According to Mr James, the ‘majority of prisoners’ are ‘thankful to get their vaccines’, although he says some have needed some moral support to get the jab done.
‘It’s quite funny, I’m vaccinating these big burly, hardened criminals some of whom are in for atrocious crimes, and they are terrified of needles. I’ve had some of them had to put their T-shirt over their head so they would not see me jab them, or they have had to squeeze my hand.
‘As weird as it sounds, you forget they are criminals sometimes,’ he adds.
‘You learn to separate the crime from the person’
Mr James says that he still does, however, sometimes struggle to separate the patient from the crime they committed, as some prisoners seem ‘just like you or me’ until he reads their files and finds out they have committed ‘horrific crimes’. The prison also houses a number of older patients who have committed sex offences – something he says can be ‘very hard to deal with mentally’.
‘When I first arrived here, I would wonder what each of my patients was in here for, but now I have come to the conclusion that ignorance is bliss — sometimes it can impair how you see them and it’s better to take them at face value,’ he adds.
Mr James says he has also not had any unpleasant or scary experiences in the prison during his first six months – with most prisoners ‘respectful generally’. But he has seen individuals become aggressive towards GPs, ‘especially if they don’t get prescribed what they want’.
‘It is hard to know who’s lying and who’s genuine at times’
The prison itself has a separate healthcare facility, he says that the prisoners are treated a lot better than he expected when it comes to healthcare – they have access to GPs, physios, opticians, nurses, pharmacists and dentists.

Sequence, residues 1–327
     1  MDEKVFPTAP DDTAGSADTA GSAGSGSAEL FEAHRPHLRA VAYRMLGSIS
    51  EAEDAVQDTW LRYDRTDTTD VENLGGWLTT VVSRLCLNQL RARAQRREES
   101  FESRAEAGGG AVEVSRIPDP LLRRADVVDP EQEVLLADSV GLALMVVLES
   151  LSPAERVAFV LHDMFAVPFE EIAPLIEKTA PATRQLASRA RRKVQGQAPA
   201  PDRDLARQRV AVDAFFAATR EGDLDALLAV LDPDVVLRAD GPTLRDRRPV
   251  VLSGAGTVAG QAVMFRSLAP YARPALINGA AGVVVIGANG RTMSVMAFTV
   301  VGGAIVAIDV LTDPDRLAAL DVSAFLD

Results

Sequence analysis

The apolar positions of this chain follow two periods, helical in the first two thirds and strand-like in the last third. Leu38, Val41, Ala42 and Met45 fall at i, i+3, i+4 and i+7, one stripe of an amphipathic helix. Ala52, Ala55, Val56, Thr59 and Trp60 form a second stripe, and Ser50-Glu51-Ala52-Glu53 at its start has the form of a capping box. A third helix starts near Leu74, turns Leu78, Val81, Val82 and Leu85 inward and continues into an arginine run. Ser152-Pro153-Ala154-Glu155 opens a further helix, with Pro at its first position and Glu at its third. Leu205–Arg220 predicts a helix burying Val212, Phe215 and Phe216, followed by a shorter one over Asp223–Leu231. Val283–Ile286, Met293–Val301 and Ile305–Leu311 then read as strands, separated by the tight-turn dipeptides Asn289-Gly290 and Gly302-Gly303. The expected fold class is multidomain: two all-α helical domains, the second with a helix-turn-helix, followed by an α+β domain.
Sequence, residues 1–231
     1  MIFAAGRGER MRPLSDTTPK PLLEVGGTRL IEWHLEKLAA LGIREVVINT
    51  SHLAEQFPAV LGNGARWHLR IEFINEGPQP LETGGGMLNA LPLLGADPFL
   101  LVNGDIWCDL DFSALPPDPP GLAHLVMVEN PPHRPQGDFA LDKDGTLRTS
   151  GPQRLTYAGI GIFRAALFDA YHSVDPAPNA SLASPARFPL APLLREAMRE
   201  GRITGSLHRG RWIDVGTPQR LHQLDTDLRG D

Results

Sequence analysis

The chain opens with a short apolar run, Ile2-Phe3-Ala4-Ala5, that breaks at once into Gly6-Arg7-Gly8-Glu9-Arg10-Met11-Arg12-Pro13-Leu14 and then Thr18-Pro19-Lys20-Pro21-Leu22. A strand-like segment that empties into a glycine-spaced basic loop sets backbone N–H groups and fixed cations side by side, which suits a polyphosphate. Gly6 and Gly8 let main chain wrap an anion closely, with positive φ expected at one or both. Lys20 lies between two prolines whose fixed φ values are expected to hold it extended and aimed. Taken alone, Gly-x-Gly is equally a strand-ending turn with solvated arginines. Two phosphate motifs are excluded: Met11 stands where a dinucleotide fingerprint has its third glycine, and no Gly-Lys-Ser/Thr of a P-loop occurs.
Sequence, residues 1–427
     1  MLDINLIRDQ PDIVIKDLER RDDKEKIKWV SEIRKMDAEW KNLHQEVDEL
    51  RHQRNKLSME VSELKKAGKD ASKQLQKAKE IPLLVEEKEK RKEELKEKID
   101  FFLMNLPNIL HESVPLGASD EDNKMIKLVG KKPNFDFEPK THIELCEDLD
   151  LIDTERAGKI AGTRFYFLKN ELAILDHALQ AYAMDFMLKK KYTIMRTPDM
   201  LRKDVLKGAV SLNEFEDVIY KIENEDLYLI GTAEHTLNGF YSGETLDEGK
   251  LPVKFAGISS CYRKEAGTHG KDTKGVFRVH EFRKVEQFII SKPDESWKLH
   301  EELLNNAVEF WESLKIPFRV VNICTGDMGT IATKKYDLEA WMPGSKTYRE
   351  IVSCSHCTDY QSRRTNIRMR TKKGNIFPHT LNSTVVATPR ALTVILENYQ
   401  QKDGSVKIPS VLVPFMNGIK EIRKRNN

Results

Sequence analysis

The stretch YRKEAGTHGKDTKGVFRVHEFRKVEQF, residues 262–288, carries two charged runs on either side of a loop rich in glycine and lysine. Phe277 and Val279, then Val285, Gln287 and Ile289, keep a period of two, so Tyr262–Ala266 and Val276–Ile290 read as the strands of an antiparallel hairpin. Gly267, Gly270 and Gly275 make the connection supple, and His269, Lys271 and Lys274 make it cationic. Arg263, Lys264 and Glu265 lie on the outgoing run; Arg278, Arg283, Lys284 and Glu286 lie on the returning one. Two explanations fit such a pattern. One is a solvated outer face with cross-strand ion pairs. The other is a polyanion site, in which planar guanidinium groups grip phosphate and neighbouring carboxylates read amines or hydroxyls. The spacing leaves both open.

One that this is probably handled ‘better in the prison than on the outside’, he says, is drug use of diazepam and sleeping tablets, for which the prison has stringent policies in place.
‘You get patients who have ulterior motives; some lie about how they are feeling so that they get moved or get put on a drug, like pregabalin, codeine or diazepam. It is hard to know who’s lying and who’s genuine at times,’ he says.
‘With diazepam, we have a strict policy on how patients take it, we do a quick detox and they will not be prescribed it long term. The same goes for sleeping tablets: very rarely do you see them prescribed here — rates in here are probably lower than on the outside.’
Comparison with community pharmacy
Before working as a prison pharmacist, Mr James says he found the workload for his role in community pharmacy ‘a bit insane’ and he knew it was time to leave when ‘it got to the point where I used to dread the moment when I had to download the scripts’.
‘I just felt like [I was] a checking robot, and I wanted to further my clinical skills,’ he explains.
Despite managing over 700 prisoners with around half of these on prescription medication – he says working in a prison is a lot less pressure than a community pharmacy due to the improved staffing levels and nicer pace.
‘The two jobs are quite different to be honest, the prison phamacy is a lot more clinically-based, I spend most of my time dealing with queries from the nursing team, reviewing prescriptions, adjusting doses or analysing blood results,’ he adds.
‘It’s also exposed me to greater variety of medications such as anticancer or HIV medication, which I wouldn’t have been otherwise.’